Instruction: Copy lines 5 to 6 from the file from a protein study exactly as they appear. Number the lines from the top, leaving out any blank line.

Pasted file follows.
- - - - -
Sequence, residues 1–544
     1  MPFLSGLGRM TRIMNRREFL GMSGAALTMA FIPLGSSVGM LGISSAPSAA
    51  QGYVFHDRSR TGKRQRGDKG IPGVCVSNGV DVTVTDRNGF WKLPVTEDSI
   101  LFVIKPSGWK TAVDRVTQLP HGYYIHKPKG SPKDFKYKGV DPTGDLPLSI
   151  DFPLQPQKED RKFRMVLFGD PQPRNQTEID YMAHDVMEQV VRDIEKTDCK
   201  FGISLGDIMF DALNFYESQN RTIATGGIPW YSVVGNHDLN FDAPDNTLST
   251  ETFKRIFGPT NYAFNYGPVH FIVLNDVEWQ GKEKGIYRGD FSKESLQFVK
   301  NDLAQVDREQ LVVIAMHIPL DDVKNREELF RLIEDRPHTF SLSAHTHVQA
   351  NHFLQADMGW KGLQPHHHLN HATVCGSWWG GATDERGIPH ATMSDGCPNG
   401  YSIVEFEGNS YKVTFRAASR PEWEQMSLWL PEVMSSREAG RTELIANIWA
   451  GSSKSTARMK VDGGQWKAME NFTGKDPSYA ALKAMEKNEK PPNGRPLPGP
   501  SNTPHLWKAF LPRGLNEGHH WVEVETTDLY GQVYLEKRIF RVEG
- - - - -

   151  DFPLQPQKED RKFRMVLFGD PQPRNQTEID YMAHDVMEQV VRDIEKTDCK
   201  FGISLGDIMF DALNFYESQN RTIATGGIPW YSVVGNHDLN FDAPDNTLST